Health authorities in the United States and the United Kingdom are alerting hospitals to be on the lookout for an emerging multidrug-resistant yeast in patients that is causing potentially lethal, invasive infections in healthcare settings. First brought to the attention of medical authorities in 2009 in Japan, outbreaks of Candida auris infections have now occurred in nine countries on four continents.
The Centers for Disease Control and Prevention (CDC) in the U.S. and Public Health England (PHE) in the U.K. have issued alerts to hospitals and testing labs warning that healthcare facilities in several countries have reported that C. auris has been causing severe illness in hospitalized patients.
Invasive infection – where the yeast enters the bloodstream – with any Candida species can be fatal. Based on information from a limited number of patients, the CDC note that 60 percent of patients with C. auris infection have died. However, many of them had serious illnesses that, on their own, raised their risk of death.
There are three main reasons to be concerned about C. auris infections, say the CDC. First, it is often multidrug-resistant; second, it is difficult to identify; third, it has caused outbreaks in hospital settings.
C. auris can enter the bloodstream and spread through the body, causing severe invasive infection. It often does not respond to commonly used antifungal drugs, making infections difficult to treat. The yeast can also cause wound infections and ear infections.
The yeast infection
Infections have also been identified in Colombia, Pakistan, the U.K., and Venezuela, although these are not detailed in any published reports, note the CDC.
Sporadic cases have been identified throughout England since 2013. One English hospital has identified more than 40 cases in its adult critical care unit.
Two other cases have also been identified in another English hospital, and investigations are under way to find if there are any other cases, says Dr. Berit Muller-Pebody, head of the antimicrobial resistance section at PHE.
So far, however, no multidrug-resistant strains of C. auris have been found in the U.K.
A review of samples collected in the past has raised the possibility of there having been at least one case of C. auris infection in the U.S. that occurred in 2013.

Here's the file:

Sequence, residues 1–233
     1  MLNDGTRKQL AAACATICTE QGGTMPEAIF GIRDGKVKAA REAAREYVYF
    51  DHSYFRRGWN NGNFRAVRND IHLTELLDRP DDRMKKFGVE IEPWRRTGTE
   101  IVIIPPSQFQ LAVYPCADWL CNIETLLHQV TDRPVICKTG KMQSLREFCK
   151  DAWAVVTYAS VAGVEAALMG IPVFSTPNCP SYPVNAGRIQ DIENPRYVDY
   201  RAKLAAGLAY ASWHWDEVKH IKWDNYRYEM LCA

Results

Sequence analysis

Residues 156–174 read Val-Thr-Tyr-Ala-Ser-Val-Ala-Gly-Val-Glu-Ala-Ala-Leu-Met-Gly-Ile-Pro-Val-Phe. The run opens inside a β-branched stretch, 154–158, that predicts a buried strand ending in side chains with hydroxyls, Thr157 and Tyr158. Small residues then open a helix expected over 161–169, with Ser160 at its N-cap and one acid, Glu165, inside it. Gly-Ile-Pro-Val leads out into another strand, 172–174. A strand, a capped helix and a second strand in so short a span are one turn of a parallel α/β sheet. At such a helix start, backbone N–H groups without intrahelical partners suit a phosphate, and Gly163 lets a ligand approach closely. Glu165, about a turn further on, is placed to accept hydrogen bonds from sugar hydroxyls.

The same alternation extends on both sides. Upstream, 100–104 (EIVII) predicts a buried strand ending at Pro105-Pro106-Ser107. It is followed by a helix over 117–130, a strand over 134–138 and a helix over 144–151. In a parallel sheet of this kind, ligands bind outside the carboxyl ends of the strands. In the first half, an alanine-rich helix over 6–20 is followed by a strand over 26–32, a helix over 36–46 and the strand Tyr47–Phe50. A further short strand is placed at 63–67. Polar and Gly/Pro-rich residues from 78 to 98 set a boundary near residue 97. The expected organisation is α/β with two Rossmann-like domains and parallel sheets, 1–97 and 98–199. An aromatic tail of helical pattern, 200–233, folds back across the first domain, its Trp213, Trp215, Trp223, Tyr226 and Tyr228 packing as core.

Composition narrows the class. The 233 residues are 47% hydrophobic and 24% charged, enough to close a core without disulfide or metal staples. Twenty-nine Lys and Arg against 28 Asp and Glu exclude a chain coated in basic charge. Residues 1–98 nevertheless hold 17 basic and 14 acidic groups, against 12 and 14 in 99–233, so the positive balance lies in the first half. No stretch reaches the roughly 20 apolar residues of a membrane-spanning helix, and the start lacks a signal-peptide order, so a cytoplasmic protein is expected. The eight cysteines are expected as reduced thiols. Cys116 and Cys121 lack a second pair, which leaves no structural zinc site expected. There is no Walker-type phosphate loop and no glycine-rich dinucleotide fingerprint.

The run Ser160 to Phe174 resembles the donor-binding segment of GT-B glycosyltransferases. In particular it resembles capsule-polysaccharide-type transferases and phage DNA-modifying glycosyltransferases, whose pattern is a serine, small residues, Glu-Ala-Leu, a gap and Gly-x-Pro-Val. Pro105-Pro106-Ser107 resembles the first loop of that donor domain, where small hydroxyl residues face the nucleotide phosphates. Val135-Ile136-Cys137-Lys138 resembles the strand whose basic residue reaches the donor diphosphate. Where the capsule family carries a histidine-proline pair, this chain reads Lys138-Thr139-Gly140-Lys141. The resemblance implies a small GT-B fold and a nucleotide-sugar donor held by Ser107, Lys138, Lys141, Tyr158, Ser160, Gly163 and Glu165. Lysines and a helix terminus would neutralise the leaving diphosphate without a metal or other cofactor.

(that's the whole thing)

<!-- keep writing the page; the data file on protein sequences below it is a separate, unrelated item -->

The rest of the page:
Why C. auris has recently emerged in so many different places is somewhat of a mystery. Molecular analysis of strains suggests while they are related within a country or region, they are highly distinct between continents.
Retrospective testing of samples have revealed that the earliest known infection with C. auris was in South Korea in 1996.
C. auris can only be identified reliably with molecular analysis; conventional lab techniques can mistakenly confuse it with another related fungus.
Misidentification leads to the wrong treatment and raises the chance of the infection spreading to other patients.
Unlike its cousin C. albicans – the yeast that causes thrush infections in the genitals and mouth – C. auris has also been found in urine and respiratory samples. However, it is not clear whether it causes infections in the lung or bladder.
There is not much data on risk factors for C. auris infections, but the CDC say evidence suggests these are much the same as for other types of Candida infections, including recent surgery, diabetes, use of broad-spectrum antibiotics and antifungals, and use of central venous catheter (catheter in a large vein).
Patients who have been in intensive care for a long time appear to be particularly susceptible.
The CDC note it is unlikely that travel to the countries with known outbreaks of C. auris will increase a person’s chance of becoming infected with the yeast, as infections have primarily affected patients who were already in the hospital for other reasons.
Most C. auris infections are treatable with a class of antifungals called echinocandins. However, in some cases, the yeast infections have been resistant to all three main classes of antifungals, making them more difficult to treat. In such cases, the infection is treated with high doses of several classes of antifungal drugs at the same time.
The authorities say more work is needed to understand how C. auris spreads, but early evidence suggests it could be via contact with surfaces or medical equipment, or from person to person.
However, certain infection control measures – such as strict hand hygiene and wearing gowns and gloves – are likely to prevent spread. Thorough environmental cleaning of hospital rooms could also help.
Other measures include screening of patients, isolation of those infected, and temporary closure of affected wards to enable thorough deep cleaning with an approved, fungus-targeting product.
The CDC say:
“C. auris may not represent a new organism so much as one that is newly emerging in various clinical settings. Although the causes for such emergence are unknown, they may include new or increasing antifungal selection pressures in humans, animals, or the environment.”